A campaign in pictures: How NZ ended up buying Awaroa beach in Abel Tasman National Park
We bought a beach, New Zealand! Forty thousand people and the Government, (which means we can all take credit) paid almost $3 million for an inlet in the Abel Tasman National Park. And on Sunday it's officially ours.
As 2015 was coming to an end, Bayleys' real estate agent, Glenn Dick was given a unique job. He had to sell a beach. He listed the Awaroa Inlet on Trademe, labelling the beach as "the best on the planet."
When Duane Major saw the listing he thought, "why should just one person have this? Why should I create a win for me and a loss for everybody else?"
So Major and his friend, Adam Gard'ner, started a campaign to buy the beach. They didn't want the beach sold to private buyers. They sought to create a "win win," where everyone could access the beach.
The campaign needed at least $2 million to be successful. The duo set up a Givealitte page, asking for people to crowd fund the purchase.
By February, their efforts had already raised over $1.5 million. But it wasn't quite enough.
Stuff joined the campaign to buy Awaroa Inlet for New Zealand. The site donated $20,000 towards the campaign. Stuff's Editor, Patrick Crewdson, urged readers to donate. If every reader gave $1, the beach would have been ours, easy. "We're on the verge of accomplishing something special," he said.
Then Gareth Morgan got involved.
Even with huge media attention, the philanthropist said it was unlikely that New Zealand would be able to buy the beach.
According to Morgan, New Zealand had no chance of buying a beach for $2 million. He was right.
Originally, the givealittle campaign called for $2 million to buy the beach. Morgan said the cost was nearer to $3 million - which was correct.
He offered to help fund the beach, in return for some private benefit. His offer was not received warmly.
They kept working to fundraise for the beach.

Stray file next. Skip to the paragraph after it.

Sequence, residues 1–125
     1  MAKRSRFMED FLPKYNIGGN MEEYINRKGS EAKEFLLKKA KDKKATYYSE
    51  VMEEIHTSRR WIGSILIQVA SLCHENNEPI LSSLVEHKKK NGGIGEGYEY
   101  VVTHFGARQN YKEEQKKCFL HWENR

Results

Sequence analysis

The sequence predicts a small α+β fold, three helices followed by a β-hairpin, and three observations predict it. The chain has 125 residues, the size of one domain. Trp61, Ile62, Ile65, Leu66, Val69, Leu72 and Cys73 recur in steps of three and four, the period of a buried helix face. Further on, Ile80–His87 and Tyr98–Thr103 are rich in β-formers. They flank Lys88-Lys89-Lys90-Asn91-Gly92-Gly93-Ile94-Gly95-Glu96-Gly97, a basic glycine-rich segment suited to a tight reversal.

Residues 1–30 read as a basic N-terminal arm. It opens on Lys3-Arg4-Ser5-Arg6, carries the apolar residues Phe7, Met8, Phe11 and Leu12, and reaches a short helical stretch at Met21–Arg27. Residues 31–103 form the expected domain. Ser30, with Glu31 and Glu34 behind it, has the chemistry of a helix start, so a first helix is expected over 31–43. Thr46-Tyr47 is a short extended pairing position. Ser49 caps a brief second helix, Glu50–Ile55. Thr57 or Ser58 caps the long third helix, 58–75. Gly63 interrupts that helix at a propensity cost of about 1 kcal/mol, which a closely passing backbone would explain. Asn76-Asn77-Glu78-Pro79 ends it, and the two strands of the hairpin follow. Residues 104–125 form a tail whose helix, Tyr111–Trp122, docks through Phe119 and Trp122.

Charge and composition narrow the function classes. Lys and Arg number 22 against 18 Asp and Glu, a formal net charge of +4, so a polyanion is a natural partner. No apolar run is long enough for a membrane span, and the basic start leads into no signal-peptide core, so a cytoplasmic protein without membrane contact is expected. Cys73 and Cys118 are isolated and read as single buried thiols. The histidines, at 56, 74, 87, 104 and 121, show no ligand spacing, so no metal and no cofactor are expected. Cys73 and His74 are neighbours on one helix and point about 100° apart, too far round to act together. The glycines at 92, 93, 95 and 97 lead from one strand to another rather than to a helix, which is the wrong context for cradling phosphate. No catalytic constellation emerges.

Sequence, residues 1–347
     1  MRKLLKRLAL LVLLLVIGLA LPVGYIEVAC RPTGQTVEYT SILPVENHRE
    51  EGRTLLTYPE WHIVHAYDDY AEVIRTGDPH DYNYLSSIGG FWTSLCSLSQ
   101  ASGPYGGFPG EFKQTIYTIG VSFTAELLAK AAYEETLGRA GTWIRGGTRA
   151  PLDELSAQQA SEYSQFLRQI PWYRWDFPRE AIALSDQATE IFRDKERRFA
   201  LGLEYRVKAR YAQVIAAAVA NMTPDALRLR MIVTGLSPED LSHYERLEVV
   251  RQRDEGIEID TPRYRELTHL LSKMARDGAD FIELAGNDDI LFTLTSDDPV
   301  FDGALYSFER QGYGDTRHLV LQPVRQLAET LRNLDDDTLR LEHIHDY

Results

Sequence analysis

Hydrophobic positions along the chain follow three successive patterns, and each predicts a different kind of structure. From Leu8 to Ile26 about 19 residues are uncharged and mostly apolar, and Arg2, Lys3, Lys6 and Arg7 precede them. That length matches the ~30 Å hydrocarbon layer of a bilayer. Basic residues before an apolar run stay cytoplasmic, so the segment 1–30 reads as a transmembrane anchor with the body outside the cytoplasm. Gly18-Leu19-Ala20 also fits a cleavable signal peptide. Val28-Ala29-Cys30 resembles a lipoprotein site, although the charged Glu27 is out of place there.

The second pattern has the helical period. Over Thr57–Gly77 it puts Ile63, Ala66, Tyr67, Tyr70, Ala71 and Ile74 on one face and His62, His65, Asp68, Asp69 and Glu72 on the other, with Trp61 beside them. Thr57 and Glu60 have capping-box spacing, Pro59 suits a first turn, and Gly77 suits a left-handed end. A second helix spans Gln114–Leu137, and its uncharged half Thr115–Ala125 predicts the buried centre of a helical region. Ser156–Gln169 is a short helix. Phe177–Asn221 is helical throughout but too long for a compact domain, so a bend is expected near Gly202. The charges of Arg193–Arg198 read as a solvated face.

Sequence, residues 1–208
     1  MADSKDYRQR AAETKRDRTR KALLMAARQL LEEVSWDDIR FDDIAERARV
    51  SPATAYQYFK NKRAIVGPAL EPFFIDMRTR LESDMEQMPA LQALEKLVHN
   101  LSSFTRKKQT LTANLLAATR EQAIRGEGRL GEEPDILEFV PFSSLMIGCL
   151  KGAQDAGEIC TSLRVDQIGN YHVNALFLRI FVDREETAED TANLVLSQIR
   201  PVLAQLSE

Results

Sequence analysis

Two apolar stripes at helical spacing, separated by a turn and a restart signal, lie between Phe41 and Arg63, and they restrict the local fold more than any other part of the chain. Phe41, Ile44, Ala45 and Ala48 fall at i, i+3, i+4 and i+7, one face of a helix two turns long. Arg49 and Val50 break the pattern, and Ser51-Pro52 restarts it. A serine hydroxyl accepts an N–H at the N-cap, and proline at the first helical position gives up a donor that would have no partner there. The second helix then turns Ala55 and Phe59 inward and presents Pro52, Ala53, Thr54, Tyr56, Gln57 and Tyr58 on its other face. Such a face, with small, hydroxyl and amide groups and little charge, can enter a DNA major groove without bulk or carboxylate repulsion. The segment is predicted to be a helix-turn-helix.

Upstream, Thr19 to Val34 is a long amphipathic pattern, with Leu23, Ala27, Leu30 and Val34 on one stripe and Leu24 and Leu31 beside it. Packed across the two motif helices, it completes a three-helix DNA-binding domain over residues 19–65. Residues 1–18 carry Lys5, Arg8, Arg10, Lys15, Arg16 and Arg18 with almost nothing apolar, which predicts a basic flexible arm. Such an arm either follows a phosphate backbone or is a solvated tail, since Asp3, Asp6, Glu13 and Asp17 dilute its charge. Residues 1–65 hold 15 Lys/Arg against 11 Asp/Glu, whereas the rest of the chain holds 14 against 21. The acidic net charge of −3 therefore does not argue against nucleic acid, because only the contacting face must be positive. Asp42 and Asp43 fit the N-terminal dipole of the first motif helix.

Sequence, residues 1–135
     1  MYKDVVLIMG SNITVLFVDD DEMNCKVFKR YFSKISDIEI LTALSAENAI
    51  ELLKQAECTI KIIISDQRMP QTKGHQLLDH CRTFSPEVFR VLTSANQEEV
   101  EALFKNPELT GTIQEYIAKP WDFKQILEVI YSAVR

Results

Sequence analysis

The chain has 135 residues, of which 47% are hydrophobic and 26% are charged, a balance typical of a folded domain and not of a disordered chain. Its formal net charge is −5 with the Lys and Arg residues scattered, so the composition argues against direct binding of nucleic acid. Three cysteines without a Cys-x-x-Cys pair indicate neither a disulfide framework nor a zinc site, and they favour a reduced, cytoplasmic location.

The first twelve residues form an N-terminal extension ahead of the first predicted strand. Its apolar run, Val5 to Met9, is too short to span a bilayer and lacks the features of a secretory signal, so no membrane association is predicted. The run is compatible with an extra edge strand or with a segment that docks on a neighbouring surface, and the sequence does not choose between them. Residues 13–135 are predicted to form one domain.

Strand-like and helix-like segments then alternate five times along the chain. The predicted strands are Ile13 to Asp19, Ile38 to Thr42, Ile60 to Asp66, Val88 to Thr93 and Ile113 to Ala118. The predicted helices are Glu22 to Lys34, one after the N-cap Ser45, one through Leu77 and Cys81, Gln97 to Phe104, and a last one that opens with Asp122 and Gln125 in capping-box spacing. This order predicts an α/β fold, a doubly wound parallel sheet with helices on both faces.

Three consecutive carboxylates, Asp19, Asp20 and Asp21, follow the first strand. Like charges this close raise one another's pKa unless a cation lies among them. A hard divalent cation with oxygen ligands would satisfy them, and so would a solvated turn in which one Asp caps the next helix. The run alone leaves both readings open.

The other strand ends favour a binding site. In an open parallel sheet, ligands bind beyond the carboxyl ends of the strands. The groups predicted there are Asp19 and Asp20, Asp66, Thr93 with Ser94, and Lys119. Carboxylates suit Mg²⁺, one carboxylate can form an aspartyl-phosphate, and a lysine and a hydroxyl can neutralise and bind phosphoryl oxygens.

In the end, almost 40,000 donors pledged more than $2 million to help buy the beach. The question was: would that be enough?
One anonymous donor helped seel the deal.
The donor, later revealed to be the Joyce Fisher Charitable Trust, gave $250,000 towards the purchase.
Late on a Tuesday night, as the campaign was coming to its end, the Government stepped in. At 10:58pm, on the 25th of February, the deal was confirmed.
The Government had agreed to donate $350,000 towards the campaign.
Both the Government's contribution and the trust's donation came with "no strings attached", campaigner, Duane Major said.
The celebrations didn't stop.
In March, the sale was officially confirmed.
A trust, set up to purchase the beach, took control, until the land was handed over to the Government in May.
The Department of Conservation were given ownership of the beach, as part of the wider Abel Tasman National Park.
Of course, the beach wold remain open to anyone wanting to visit, and many people have.
Camp ground owners, water taxi operators and air transport companies have reported huge interest in the area, following the campaign. The secluded spot has become a popular destination with many looking to find out what exactly the spent their money on during a Summer campaign to buy a beach.